A situation that brings sadness the atmosphere that once defined one of Europe's fiercest derbies is starting to become a distant memory. "I hope people will realise how unfortunate the current situation is," De Boer said. "In addition we [as clubs] continue to promote a rivalry that is laced with mutual respect. Unfortunately there's still too much friction among the supporters which makes it difficult in the short-term for away fans." De Telegraaf described both sides as "the standard-bearers of Dutch football" after their meeting earlier in the season. Feyenoord and Ajax are institutions. The archetypal Dutch game, and what it stands for, can trace its origins to either club notably the works of Wiel Coerver and Rinus Michels. Their successors notably Wim Jansen and Johan Cruyff still continue to carry the baton, the former instrumental in renovating Feyenoord's academy, the latter doing the same at Ajax. A combined effort, unintentionally, in the past forged what would come to be know as the 'Dutch school' (more 70/30 in favour of Ajax), all those years later and it looks like history is starting to repeat itself.
In a recent joint interview in De Telegraaf Jansen and Cruyff not only gave their seal of approval to Koeman and De Boer but were confident of them following in their footsteps, both agreed the future of Dutch football is now being shaped at the nations two most celebrated and important clubs, an example for every club. Notably presence of former players (like at Ajax) in key positions at coaching and administrative levels: Cruyff's vision in how a football club should be run, those who lived and breathed the game in collaboration with experts to run the business and financial side. "Last year, former players of Ajax and Feyenoord started to take charge," De Boer recently enthused. "It was really nice to see." Rivalry aside they share a common purpose, two differing ideologies, but with the same goal. Highlighted by Martin van Geel, sporting director at Feyenoord (previously at Ajax), "In terms of training, there are very few similarities," he argues. "We indeed have former players working with our youth. For that we are pleased, but consciously we employ many with educational and pedagogical qualities, without a great football background."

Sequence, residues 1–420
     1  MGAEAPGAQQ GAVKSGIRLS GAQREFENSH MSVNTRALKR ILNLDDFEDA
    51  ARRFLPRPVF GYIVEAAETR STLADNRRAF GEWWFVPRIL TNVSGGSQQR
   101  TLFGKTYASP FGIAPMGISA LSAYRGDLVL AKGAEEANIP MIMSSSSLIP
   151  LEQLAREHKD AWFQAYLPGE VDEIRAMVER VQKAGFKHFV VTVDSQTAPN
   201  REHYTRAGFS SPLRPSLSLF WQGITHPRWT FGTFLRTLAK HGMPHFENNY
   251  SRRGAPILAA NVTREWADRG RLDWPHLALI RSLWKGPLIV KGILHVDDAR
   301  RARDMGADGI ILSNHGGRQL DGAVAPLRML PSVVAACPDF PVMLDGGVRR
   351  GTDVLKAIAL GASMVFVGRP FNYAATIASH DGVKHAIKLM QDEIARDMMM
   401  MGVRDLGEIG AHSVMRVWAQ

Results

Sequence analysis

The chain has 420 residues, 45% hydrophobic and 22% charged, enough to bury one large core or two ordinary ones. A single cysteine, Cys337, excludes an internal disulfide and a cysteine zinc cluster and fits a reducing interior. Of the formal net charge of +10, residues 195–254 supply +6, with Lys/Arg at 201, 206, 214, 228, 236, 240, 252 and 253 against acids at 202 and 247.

No one could have predicted when Koeman arrived in the summer of 2011 where Feyenoord would be now; giants they may be, the club on the river Meuse weren't expected to finish as league runners-up – given their recent plight – a feat never achieved since the 2000/01 campaign. De Boer has gone from strength to strength. If anyone thought Feyenoord's achievement would be a flash in the pan they were sadly mistaken. A squad heavily constructed from the playing fields of Varkenoord are now serious title contenders. The last few seasons the championship wasn't in the backdrop whenever Ajax and Feyenoord met, as once common, eighteen months after Koeman's arrival in Rotterdam it's like someone has turned the clocks back. Koeman and De Boer share many traits: former defenders par excellence as well as a similar outlook when it comes to football. De Boer is a fundamentalist. As far as he's concerned there's only one way of playing. Koeman slightly more flexible but would agree the football taught by Michels and subsequently spread by his disciples is the pinnacle. Ajax humbling the riches of Manchester City with a side containing seven youth graduates, days before their meeting, showcased everything good about the Dutch school.